By Shane Tomalinas
Kevin Conroy, the voice actor best known for his work as Batman across television — and who had animated movies and videogames for the span of nearly 30 years — passed away on Thursday, Nov. 10 at the age of 66.
Conroy was diagnosed with cancer shortly before his passing, confirmed by both his representative Gary Miereanu and DC Comics.
“Stunned by the loss of this brilliant actor. Words can’t express my admiration and respect for the man. I loved him like a brother,” wrote actor Mark Hamill on Instagram, who has been voicing the Joker alongside Conroy’s Batman since 1992.
Before becoming the iconic voice behind the Dark Knight, Conroy was largely involved in Shakespearean productions such as “Hamlet” and “King Lear” through The Juilliard School's acting program. It was not too long after that he began acting on Broadway, going in for a blind audition one day alongside hundreds of voice actors for the role of the next Batman since Michael Keaton’s casting in 1989.
“Batman: The Animated Series” ran for 85 episodes and opened the door to a number of subsequent spinoffs and comic lines such as “Batman Beyond.” The show was highly successful, having won a number of awards, including the first Emmy for an animated TV show based on a comic, according to CBR. It is acclaimed for its inventive and stunning visuals and has been cemented as one of the most groundbreaking additions to animation history since Max Fleischer’s original Superman in the 1940s.
17 years after the animated series, Conroy signed on as Batman once again, this time in a video game. Developed by Rocksteady Games, the “Arkham” series went on to become one of Conroy’s most recognizable iterations of the Caped Crusader. The video game series offered a grounded reinvention of the Batman mythos that blended horror, action, and realism across three main games and three spin offs (two of which did not feature Conroy in the titular role). This version of Batman focused heavily on mature themes for an adult audience, its second entry having tied with the winner of the Game of The Year in 2011, according to IMDb. Conroy successfully managed to modernize Batman once again.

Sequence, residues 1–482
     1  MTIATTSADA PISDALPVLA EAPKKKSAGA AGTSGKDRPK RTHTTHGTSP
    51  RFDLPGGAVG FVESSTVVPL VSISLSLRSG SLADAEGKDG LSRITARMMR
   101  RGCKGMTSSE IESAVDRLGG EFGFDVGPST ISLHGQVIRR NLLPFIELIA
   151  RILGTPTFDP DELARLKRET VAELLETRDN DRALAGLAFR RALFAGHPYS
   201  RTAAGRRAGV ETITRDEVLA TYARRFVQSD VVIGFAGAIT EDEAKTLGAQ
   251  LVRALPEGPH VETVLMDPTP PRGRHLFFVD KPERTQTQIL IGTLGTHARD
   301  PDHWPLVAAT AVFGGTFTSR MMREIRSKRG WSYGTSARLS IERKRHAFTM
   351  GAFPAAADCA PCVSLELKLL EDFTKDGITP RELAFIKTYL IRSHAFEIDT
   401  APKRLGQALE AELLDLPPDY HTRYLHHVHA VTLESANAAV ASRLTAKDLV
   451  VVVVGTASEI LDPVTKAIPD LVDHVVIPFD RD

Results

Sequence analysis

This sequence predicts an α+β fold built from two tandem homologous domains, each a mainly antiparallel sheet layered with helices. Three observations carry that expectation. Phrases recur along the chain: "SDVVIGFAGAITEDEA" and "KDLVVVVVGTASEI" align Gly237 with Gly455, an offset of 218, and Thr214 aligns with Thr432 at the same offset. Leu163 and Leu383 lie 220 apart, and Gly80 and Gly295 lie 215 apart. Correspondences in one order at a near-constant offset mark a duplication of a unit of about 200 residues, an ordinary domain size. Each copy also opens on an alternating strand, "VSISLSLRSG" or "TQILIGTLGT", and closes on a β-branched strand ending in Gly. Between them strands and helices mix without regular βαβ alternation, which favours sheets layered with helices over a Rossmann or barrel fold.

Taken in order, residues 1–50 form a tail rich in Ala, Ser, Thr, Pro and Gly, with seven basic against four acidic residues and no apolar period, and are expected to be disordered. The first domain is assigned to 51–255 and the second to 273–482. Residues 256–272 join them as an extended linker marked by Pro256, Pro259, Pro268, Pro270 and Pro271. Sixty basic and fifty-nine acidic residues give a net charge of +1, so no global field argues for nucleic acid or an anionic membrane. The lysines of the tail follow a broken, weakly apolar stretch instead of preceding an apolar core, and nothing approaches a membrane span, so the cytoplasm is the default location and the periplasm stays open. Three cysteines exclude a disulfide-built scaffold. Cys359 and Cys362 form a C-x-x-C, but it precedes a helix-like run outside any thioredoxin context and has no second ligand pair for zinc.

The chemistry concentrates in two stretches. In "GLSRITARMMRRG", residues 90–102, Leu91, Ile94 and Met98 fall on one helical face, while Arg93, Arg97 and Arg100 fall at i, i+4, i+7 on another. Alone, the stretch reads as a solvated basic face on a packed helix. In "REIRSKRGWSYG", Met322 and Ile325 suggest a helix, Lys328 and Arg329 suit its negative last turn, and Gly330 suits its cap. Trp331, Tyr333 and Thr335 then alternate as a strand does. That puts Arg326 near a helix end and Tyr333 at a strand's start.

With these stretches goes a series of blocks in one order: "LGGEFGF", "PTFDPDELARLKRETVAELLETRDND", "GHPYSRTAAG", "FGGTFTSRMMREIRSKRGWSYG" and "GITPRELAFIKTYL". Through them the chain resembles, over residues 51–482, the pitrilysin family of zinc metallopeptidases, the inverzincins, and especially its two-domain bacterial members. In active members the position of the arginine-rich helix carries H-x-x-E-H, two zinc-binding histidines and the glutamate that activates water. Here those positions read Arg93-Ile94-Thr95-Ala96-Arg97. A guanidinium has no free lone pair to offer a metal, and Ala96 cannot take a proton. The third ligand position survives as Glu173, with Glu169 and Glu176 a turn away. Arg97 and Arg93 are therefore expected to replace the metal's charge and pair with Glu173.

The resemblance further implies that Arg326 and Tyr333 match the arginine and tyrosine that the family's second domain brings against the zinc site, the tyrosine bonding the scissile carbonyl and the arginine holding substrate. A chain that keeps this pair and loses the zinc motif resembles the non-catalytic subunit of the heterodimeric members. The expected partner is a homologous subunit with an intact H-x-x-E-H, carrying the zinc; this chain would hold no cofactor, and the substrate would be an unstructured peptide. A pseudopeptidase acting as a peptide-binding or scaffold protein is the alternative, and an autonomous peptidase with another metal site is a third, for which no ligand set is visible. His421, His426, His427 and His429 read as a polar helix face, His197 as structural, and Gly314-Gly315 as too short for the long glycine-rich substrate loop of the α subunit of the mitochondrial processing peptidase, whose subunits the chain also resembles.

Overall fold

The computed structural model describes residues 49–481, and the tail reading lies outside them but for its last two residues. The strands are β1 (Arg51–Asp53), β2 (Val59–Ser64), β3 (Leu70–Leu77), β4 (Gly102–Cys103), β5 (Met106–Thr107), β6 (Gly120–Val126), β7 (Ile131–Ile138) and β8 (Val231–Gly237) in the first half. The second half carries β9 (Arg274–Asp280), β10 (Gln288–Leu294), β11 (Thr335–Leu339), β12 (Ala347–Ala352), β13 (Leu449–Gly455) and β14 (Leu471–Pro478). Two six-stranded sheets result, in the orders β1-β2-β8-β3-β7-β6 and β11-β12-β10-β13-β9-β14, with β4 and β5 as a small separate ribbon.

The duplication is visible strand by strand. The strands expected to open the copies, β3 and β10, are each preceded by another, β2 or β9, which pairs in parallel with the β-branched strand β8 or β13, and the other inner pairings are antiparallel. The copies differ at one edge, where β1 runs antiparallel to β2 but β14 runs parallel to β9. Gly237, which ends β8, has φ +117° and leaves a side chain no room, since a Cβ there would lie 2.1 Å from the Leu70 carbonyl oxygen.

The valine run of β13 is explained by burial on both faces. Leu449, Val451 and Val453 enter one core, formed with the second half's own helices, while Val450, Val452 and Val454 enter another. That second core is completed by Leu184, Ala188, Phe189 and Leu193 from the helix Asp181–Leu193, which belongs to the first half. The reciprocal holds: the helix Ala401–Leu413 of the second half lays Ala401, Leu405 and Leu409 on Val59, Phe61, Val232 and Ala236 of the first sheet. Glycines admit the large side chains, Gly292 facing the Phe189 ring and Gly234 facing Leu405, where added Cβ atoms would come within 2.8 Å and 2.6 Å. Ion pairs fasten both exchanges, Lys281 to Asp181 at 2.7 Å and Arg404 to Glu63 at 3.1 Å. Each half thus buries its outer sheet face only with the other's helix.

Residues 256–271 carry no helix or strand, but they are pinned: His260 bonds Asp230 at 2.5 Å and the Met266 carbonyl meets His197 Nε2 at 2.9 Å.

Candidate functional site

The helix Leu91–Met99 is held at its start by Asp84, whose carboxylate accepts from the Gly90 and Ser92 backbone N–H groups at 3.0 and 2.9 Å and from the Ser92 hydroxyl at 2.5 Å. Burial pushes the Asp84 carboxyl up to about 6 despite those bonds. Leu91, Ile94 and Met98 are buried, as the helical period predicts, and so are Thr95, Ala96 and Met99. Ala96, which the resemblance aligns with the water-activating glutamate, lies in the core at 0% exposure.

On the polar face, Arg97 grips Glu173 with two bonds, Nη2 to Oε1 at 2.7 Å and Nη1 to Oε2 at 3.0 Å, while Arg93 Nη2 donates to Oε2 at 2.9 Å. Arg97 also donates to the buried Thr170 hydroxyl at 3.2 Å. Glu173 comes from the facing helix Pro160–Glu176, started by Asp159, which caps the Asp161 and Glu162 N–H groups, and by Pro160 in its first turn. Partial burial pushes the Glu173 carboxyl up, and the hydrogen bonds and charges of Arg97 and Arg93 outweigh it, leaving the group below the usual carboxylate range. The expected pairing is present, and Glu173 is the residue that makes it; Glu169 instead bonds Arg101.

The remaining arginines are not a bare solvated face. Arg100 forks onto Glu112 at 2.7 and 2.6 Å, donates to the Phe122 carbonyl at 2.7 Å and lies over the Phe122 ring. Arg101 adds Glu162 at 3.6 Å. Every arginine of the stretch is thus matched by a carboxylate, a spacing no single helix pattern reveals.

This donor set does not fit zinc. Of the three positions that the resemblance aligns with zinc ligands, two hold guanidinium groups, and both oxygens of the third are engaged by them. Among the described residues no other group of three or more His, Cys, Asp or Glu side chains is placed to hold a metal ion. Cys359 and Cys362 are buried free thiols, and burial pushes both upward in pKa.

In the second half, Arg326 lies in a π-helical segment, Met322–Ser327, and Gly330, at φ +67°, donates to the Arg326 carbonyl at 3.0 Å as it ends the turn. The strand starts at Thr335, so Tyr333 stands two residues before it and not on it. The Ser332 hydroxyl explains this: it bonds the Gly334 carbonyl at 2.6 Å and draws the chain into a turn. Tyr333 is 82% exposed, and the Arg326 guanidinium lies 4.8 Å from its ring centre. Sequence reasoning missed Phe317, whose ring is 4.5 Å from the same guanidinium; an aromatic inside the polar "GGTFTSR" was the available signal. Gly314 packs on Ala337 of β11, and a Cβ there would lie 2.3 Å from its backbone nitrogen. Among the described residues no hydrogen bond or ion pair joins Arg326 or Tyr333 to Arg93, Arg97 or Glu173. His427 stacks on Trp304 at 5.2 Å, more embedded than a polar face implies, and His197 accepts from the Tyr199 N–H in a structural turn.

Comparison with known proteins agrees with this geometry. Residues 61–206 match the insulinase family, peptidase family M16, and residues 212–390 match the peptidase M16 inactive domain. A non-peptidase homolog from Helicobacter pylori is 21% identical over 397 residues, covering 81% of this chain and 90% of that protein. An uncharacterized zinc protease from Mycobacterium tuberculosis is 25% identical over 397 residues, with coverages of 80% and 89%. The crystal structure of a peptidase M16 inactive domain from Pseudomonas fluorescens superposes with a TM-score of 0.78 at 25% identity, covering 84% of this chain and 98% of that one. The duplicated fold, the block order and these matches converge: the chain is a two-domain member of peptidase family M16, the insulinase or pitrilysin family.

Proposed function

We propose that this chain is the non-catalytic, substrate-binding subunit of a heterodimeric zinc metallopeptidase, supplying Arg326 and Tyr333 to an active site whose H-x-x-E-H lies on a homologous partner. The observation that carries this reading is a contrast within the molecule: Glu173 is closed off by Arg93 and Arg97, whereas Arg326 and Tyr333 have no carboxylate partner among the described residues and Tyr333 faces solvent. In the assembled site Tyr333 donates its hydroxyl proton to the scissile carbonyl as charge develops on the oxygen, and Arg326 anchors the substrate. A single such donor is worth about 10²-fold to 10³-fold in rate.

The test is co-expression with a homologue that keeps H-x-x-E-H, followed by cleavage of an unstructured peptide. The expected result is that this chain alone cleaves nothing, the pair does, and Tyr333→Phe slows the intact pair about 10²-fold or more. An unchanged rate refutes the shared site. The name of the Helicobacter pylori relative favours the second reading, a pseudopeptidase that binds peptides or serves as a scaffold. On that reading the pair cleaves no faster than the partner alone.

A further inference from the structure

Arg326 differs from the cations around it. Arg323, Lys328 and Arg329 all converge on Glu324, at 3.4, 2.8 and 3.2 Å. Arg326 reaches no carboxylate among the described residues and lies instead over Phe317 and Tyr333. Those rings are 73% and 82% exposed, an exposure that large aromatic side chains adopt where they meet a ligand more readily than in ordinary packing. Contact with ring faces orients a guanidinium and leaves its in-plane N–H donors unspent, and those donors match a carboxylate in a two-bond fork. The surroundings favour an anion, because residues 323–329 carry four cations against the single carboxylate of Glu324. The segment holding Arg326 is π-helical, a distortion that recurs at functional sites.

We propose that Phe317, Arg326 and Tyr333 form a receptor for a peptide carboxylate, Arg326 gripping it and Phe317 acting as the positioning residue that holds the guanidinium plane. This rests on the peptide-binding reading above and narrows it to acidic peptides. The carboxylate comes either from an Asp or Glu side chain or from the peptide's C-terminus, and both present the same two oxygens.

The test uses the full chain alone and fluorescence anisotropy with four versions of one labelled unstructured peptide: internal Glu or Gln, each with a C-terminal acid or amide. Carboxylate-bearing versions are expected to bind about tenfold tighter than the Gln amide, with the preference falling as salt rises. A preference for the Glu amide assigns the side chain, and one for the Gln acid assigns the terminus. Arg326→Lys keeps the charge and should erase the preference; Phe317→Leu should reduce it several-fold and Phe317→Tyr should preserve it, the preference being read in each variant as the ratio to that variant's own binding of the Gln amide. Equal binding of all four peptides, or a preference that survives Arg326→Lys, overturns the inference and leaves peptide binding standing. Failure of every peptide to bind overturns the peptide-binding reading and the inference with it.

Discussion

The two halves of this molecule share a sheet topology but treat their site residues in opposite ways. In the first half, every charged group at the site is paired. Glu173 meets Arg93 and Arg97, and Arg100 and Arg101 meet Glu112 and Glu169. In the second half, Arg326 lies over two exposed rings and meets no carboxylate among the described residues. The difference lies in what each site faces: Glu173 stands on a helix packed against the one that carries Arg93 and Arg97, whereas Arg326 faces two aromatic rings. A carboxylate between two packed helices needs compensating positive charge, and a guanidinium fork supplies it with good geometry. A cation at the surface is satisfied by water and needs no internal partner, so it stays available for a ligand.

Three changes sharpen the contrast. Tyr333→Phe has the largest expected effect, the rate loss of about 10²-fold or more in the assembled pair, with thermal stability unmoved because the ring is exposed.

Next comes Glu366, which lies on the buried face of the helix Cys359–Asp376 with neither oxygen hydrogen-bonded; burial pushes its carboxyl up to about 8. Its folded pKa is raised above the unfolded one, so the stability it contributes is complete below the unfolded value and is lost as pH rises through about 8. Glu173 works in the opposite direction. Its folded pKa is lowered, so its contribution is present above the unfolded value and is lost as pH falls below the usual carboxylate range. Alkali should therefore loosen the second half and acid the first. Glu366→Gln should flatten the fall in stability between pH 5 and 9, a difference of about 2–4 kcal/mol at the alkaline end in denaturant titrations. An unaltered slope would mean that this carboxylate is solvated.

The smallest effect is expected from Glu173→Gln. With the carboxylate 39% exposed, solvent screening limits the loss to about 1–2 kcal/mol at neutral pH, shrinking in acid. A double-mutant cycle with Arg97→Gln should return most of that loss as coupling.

Susan Eisenberg, who lent her voice to Wonder Woman in a number of Justice League animated films and video games, was one of the many other celebrities to share their love for the actor via Twitter.
“Like for so many of you, Kevin was our Batman,” Eisenberg wrote. “He was loved beyond measure, and he felt it… [he] was the most decent of men. He was kind, smart, talented, & deeply appreciative of a career that spanned decades! He leaves behind a legacy that will never be matched or forgotten. To his legion of fans, I am so sorry, but please know that he saw you… & he loved you, too.”
The impact of Kevin’s dedication to the role of the famous comic character went on to inspire generations of Batman actors in live-action, introducing a new depth and level of humanity that is arguably unmatched to the generations of Bruce Waynes to wear the cowl. Actors such as Ben Affleck, Christian Bale and Robert Pattinson even took their own spin on channeling Conroy’s signature gravel voice.
Conroy took his role as Batman as a responsibility and used his connection with audiences to inspire change and awareness. He was an avid pioneer of the gay community during a time of immense homophobia within the Hollywood entertainment industry. Conroy publicly supported the LGBTQ+ community during his life, even writing his own comic exploring the acceptance of himself as a gay man, something which he credits could only have been done with the help of his supporting comic fanbase. He would pass this on to his fans at comic cons, listening to their stories, giving them the confidence they needed in themselves.
For fans around the world, Conroy is and always will be Batman. His legacy as the Bat will be cemented forever in the plethora of animated works over his decades-long reign as the iconic voice behind the mask and a superhero in the eyes of many.
“Batman is an escape for a lot of kids in rough situations. It’s like a safe zone, an ally. I’ve heard amazing stories of childhood survival that the character helped get them through,” Conroy wrote in the 2019 book collection, “Batman: The Definitive History of The Dark Knight.” “That’s such a gift to me, to be able to have my work have such a resonance with the audience.”